I stayed in Dorchester on Thames, a pretty village three or four miles away. Some scenes in Midsomer Murders have been shot there, and I did wonder if Christie had it in mind when she wrote about places like St Mary Mead. Suffice to say that this is a quintessentially English part of the world. One of the pleasures of my trip was to be reminded of Dame Agatha's enduring appeal. And incidentally, on the way home, I enjoyed looking round Evesham, and discovering this Victorian hearse. They don't make 'em like they used to...

Tuesday, 23 September 2014

The Driver - BBC 1 tv review

The Driver, which began on BBC 1 tonight, opens with a car chase. It's not exactly Bullitt, and not only because the setting is Manchester, but no matter. The chap behind the wheel, fleeing the police, is David Morrissey, one of the most charismatic British actors, and these scenes makes for gripping viewing - a really good start to Danny Brocklehurst's three-part series. There's something in his boot that the driver doesn't want the cops to find - but what is it? When Morrissey finally makes good his escape, the action goes back in time by four weeks, and we learn what has led up to the chase.

Morrissey's character, Vince, is introduced to as a regular guy, a taxi driver with a pretty wife who is more interested in running marathons than their marriage, and an extremely pretty daughter whose taste in boyfriends dismays him. He works hard to make ends meet, but it isn't easy. His fares are rude and unpleasant, and his closest friend is a chap (nicely played by Ian Hart) who has just come out of prison after serving six years.

Vince is bored and depressed, and looking for something better out of life. His mate takes him to play poker with a philosophy-spouting gangster, who is keen to recruit a new driver who is reliable and doesn't ask awkward questions. He makes Vince an offer that is quickly refused, but before long, Vince has second thoughts. And, of course, his first job for the bad guy is easy, and well remunerated. But we know that things will go rapidly downhill from there.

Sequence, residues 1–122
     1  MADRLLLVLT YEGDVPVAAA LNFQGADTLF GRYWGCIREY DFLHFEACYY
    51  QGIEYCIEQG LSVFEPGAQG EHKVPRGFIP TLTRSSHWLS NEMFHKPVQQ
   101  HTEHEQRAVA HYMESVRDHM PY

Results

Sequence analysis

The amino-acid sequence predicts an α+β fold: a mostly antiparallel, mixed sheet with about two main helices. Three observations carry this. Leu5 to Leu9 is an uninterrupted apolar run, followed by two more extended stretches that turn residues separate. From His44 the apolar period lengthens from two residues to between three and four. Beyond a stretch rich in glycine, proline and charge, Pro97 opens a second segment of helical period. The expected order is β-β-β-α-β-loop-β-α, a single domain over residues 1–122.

And so they do. I thought the script well-written, with a few genuinely witty lines, and although the development of the story was rather predictable, it was done so capably that I didn't mind. Above all, though, Morrissey turns in a compelling performance - he really is at the top of his form at the moment. I'll definitely be watching again next week, and Morrissey is the main reason why.

Monday, 22 September 2014

The Call - film review

Halle Berry is such an appealing actor that she improves any film in which she appears. This is just as well, as she's appeared in some rather poor movies over the years, as well as a number of good ones. The Call, which first hit the cinemas last year, ranks as a good one in my book, even though it's had mixed reviews, partly because the story changes for the worst in the latter stages.

Berry plays a senior operator working in a 911 emergency call centre. This is a fascinating setting. I was once lucky enough to be given a guided tour of an ambulance headquarters, and I was hugely impressed by the calm efficiency of the staff working on the emergency phones. It can be a stressful job, and when our heroine takes a call from a young blonde-haired girl who is abducted and then murdered, she blames herself - a mistaken reaction, but a very human one.

Six months later, another call come in from a blonde-haired teenager (played by Abigail Breslin). She too has been abducted -in a car park, by a mysterious character played by Michael Eklund, and has been bundled into the boot of the bad guy's car. He does not, however, take the precaution, of removing her mobile phone, and the tension builds as Berry talks Breslin through a series of escapades designed to attract attention so that the police can rescue her. But things go badly wrong, and Eklund murders two men who happen to get in his way.

I thought these scenes were gripping, but the film falters somewhat when Berry, having finished her shift, decides to play detective and track down Breslin herself. Very unwise! Eklund's behaviour becomes increasingly deranged, and towards the end, The Call turns into a common or garden slasher movie, although the ending is quite neatly done. Overall, I enjoyed the film. Not a masterpiece, but well worth a watch.

Friday, 19 September 2014

Forgotten Book - Mystery in Kensington Gore